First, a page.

Thursday, March 6, 2014

Comfort in Trauma

You never know how it feels to be alive until you know how it feels to die.
I've sang these lines a thousand times while listening to Noah and the Whale in my studio.  Until two weeks ago these were just words. The moment I saw my husband hit the highway pavement, his motorcycle still spinning ahead of his limp body, those lyrics became my greatest fear.
Today is day 16 of my husband's recovery at Ben Taub Trauma Center in Houston. 
Time is amorphous in the hospital.  Foggy days, mixed up nights, stripped of every normal human routine.  Our section of a room shared with three other patients has no window.  Minutes dissolve into hours and drain away the days.  Progress is measured in tubes in and out, x-ray results, and ambulatory devices.  We have watched many roommates arrive and go home while we remain. Bunking with people with whom our paths would least likely cross, we all ride the roller coaster together. And perhaps most of us are better because of it.
In a trauma hospital there are few illness patients.  Our roommates have been shot, run over, stabbed and involved in horrific accidents.  Police officers sit outside many rooms waiting for the accused to heal and to take victim statements.  There are those in grave condition and those with mere wounds requiring a one night stay.  Some we have befriended through the curtains, others we couldn't wait to see discharged.  Though we are a truly diverse group, we share common bonds of pain and healing.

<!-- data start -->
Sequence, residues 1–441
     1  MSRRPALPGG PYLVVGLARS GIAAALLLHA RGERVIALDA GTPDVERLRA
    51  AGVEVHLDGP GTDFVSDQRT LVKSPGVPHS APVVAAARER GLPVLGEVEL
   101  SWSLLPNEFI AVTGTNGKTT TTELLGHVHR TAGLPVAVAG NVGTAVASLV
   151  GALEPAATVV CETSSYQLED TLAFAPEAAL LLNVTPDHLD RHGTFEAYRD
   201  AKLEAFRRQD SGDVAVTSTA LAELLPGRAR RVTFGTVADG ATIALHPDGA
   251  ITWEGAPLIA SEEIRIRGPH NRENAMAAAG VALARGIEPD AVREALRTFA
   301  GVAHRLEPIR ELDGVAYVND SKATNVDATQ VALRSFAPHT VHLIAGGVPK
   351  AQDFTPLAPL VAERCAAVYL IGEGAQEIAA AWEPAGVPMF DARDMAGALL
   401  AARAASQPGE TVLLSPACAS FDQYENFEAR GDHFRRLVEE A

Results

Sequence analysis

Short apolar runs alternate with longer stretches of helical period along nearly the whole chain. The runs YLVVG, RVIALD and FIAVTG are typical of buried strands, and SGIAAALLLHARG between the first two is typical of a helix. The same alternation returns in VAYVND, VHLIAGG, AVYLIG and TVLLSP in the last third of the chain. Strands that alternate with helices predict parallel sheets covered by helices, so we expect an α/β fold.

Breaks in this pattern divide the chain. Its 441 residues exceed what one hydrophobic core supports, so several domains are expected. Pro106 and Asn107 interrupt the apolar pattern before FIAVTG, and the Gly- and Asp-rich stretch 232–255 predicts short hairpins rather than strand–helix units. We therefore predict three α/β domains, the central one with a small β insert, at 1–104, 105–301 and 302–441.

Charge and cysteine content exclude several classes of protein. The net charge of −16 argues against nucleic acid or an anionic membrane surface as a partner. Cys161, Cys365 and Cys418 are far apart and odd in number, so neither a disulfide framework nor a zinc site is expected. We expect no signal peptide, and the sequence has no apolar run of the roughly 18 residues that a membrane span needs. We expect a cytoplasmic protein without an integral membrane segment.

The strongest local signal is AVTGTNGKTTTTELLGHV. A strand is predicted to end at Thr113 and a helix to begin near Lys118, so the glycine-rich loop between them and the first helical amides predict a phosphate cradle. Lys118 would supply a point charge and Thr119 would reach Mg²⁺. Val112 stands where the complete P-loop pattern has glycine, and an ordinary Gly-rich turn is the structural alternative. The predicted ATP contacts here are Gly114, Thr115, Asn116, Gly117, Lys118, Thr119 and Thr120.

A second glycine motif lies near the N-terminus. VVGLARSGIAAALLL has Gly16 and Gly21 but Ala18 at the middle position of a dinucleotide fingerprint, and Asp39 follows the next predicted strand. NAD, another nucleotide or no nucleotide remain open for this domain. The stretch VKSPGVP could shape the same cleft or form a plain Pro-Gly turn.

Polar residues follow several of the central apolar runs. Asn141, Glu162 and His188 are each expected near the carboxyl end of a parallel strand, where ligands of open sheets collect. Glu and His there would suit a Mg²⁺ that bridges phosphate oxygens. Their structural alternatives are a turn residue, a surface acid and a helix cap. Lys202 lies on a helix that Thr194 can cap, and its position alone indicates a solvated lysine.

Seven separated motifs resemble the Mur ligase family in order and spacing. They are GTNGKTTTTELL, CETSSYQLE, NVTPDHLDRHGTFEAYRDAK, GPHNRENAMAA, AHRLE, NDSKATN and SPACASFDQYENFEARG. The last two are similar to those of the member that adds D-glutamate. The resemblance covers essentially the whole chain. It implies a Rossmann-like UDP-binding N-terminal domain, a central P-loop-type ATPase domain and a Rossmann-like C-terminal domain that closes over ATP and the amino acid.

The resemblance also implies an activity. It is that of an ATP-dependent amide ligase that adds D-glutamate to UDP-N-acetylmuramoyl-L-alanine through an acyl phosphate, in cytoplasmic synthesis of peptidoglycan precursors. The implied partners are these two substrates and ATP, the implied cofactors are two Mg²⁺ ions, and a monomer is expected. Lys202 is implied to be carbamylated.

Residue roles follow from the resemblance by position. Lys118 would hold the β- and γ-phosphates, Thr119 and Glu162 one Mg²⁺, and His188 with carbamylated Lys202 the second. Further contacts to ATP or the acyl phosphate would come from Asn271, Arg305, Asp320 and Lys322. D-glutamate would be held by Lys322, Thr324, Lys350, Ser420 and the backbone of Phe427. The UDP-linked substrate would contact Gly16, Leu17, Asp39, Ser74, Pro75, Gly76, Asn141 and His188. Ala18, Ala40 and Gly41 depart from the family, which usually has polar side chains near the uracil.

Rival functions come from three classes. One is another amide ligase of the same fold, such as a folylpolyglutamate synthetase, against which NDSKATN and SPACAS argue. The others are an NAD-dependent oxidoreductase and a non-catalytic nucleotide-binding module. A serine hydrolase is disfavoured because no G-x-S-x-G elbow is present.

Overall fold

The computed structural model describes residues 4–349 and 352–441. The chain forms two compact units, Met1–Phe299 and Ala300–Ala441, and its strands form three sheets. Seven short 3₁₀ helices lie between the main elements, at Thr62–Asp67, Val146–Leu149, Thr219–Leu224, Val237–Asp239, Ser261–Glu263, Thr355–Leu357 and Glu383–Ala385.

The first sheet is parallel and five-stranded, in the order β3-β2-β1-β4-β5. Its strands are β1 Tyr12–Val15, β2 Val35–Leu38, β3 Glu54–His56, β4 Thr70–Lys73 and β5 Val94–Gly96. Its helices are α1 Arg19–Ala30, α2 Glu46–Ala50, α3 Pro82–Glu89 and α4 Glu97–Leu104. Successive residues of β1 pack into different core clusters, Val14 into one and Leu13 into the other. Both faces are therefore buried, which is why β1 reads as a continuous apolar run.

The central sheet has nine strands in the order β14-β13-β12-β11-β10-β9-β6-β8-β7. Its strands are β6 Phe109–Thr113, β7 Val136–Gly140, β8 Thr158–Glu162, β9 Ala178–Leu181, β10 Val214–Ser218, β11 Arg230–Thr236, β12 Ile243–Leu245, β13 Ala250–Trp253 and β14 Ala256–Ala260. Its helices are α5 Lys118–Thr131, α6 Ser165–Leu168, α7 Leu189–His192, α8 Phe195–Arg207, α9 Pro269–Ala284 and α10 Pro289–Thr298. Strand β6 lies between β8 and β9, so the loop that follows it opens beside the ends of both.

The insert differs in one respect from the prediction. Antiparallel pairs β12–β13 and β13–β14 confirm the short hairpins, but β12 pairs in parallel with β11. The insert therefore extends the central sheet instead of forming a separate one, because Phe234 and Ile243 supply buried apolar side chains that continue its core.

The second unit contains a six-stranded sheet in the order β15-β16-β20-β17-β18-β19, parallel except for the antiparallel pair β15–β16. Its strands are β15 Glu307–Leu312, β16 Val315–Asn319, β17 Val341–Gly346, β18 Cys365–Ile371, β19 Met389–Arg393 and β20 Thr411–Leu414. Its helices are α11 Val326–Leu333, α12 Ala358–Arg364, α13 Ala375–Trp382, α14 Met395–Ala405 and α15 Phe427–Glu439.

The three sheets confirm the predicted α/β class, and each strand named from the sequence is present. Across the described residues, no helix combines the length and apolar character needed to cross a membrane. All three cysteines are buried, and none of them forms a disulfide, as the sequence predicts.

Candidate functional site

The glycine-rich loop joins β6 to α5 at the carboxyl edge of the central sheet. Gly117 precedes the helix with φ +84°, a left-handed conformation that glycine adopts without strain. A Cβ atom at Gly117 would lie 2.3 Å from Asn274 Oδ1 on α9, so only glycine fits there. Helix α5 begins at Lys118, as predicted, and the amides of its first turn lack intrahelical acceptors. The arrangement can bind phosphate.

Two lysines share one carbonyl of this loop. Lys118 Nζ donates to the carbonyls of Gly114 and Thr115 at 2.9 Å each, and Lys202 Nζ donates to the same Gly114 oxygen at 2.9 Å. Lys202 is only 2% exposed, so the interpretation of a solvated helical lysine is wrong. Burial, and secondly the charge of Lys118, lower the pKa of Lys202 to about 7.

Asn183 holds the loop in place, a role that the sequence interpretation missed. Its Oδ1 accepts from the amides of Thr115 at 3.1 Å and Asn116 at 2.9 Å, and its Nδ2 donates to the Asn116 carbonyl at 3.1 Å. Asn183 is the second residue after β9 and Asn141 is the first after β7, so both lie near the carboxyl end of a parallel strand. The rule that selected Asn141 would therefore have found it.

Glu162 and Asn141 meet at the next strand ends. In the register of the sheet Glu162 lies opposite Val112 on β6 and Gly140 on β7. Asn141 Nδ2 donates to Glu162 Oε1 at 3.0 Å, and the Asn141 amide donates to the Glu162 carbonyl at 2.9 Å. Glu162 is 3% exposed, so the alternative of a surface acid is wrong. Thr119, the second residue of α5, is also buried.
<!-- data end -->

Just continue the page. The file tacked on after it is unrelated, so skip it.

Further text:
I have met two other women tending their husbands, remaining at the bedside to give comfort: one Asian, one Hispanic.  We don't speak the same language but we communicate through our expressions.   Looks of fear, worry, relief and sadness are universal and within these facial cues we lend one another support. Through the curtain we hear each other's cries, the sighs of relief, and laughter.  I know these women are like me refusing to leave the loves of our lives. Over the weeks we have learned basic greetings in each other's dialect.  We offer awkward hugs sometimes misread between cultures but in our need to not be alone we have found each other.  
Life changed without warning two weeks ago.  I feel I've lived a lifetime in between then and now. My husband is healing and soon we hope to go home, to regain a sense of truly living, to feel the sun escort the true hours of each day.  Life will never be the same.  In fact I believe it will be a more authentic, more tolerant, more understanding, more loving life.


  1. You are such a beautiful writer. Hugs to all of you and prayer of healing!

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  3. Jacquie you are all in my heart and in my thoughts. Healing energy continuing to flow to your hubby and positive thoughts that you will be home safe and sound in your home very soon.